In Prague a nice-looking, polite man approached me and began a conversation-- talked about the U.S. how I liked Prague etc. then almost whispered that he wanted to exchange money for U.S. dollars. I told him I didn't have any; he asked again and I repeated that I didn't have any and he disappeared into the crowd in a flash.
Luisah is offline  
May 19th, 2007, 07:37 AM
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From the appearance of these people who approached us they were not looking for directions. They were simply looking for money.
normal1983 is offline  
May 19th, 2007, 09:18 AM
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Normal1983, this happened to us also. We returned this morning from Paris. Near Printemps a girl asked me if I speak English, and after two minutes i saw her asking a man if he speak Russian!

Regarding the 'gold' ring, near Alexander III Bridge, at least six persons tried to show ua a ring that they just founded! I knew from this forum about this trick, and also it was very clear what they want, so they did not have any chance with us.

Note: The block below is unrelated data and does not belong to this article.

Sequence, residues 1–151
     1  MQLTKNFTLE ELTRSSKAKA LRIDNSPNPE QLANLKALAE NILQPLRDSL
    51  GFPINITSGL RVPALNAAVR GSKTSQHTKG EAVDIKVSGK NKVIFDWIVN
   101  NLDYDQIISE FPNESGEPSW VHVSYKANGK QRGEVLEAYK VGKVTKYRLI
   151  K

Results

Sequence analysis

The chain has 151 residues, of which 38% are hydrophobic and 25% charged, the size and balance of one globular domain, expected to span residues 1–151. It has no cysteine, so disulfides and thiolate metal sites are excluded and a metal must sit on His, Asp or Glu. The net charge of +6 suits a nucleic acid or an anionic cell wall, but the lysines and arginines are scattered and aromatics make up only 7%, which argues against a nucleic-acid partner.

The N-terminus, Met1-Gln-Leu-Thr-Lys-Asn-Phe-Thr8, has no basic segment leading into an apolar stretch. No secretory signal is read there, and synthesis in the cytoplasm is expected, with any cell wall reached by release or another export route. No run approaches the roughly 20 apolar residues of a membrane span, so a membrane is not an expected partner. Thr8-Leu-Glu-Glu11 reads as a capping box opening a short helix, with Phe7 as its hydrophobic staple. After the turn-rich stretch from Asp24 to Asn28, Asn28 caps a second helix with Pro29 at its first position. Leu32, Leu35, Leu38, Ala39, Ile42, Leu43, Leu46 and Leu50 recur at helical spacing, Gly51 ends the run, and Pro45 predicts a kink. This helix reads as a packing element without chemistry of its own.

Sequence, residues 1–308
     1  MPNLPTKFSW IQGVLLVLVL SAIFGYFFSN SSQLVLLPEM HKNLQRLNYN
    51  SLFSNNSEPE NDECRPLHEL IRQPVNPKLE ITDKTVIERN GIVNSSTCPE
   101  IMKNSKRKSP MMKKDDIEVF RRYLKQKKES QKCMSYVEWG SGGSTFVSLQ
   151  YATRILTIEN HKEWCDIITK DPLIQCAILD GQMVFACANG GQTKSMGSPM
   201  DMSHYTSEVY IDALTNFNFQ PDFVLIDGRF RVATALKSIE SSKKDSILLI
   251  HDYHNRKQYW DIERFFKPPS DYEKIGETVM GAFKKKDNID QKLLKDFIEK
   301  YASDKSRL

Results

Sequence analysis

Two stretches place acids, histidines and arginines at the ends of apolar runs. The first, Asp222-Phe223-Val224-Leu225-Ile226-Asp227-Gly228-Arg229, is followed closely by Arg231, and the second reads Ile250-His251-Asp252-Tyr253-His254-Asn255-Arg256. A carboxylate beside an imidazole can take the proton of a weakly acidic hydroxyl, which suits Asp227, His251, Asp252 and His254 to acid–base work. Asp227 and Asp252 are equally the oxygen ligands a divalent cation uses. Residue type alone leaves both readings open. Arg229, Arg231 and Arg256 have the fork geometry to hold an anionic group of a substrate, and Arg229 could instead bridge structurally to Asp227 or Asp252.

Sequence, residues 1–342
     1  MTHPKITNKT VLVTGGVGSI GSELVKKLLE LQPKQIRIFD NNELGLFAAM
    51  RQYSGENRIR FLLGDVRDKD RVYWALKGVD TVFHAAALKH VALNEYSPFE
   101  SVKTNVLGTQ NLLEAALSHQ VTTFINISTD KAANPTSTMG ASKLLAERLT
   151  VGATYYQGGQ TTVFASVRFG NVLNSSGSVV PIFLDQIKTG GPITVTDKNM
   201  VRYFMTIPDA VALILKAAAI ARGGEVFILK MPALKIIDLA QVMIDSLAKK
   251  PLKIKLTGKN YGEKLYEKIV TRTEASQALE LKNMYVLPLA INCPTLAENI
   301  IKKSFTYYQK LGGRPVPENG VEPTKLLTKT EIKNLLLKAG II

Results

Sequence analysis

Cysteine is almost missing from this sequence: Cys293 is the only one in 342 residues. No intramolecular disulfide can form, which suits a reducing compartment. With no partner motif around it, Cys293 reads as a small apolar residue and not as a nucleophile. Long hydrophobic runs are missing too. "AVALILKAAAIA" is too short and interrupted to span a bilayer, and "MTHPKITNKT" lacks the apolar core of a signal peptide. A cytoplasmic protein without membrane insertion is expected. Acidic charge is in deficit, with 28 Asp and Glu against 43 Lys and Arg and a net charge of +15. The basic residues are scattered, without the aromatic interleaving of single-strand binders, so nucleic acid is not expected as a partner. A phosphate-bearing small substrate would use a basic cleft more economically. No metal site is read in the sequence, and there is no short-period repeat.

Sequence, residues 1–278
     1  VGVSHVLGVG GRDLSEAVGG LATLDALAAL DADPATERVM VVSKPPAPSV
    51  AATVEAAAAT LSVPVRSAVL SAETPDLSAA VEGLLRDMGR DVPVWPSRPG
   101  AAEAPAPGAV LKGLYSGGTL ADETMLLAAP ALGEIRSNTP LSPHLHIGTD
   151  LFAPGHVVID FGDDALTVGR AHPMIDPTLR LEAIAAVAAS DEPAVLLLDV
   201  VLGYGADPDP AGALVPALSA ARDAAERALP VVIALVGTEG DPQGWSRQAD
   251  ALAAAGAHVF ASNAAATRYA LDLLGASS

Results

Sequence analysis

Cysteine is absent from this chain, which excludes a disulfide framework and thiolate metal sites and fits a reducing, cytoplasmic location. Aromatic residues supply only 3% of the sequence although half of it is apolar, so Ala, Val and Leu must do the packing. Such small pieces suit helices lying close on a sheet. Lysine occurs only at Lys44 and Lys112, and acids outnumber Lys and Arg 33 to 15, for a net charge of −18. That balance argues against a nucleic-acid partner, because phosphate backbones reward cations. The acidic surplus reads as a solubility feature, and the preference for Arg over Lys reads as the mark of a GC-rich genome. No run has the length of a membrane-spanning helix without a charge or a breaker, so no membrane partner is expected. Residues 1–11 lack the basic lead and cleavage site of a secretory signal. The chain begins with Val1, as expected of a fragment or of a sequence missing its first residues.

Later this week , I hope to have some time to write here a short report about our beautiful trip.
valtor is offline  
May 19th, 2007, 10:43 AM
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LindaL: The pro quarterback Y. A. Tittle? How cool is that! He's a legend.

Being from a family of 49er fans, I grew up hearing about him, but he had moved on before I was old enough to go to the games.

Thanks for sharing.
Trophywife007 is offline  
May 19th, 2007, 01:11 PM
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I failed to complete my thought that your boss was the "luckiest guy in Paris" that day. So let's say this con man who hangs out at that location ripping people off approached your boss the second day and your boss agreed to exchange money. As you said the guy would be in a hurry to get away, yet he agreed to stand outside a restroom and wait for your boss to go. Any other con-man with an IQ over 50 would have run when that happened. Surely he would suspect the guy was on to him and could be calling the police. Any guy who makes a living pulling that scam knows that there are thousands of people aware of the scam and at the first suspicious behavior -- like saying "sure, wait right here and I'll be right back and exchange money with you" -- he would bolted like greased lightening. As I said your boss was very lucky that he got the dumbest con-man in Paris.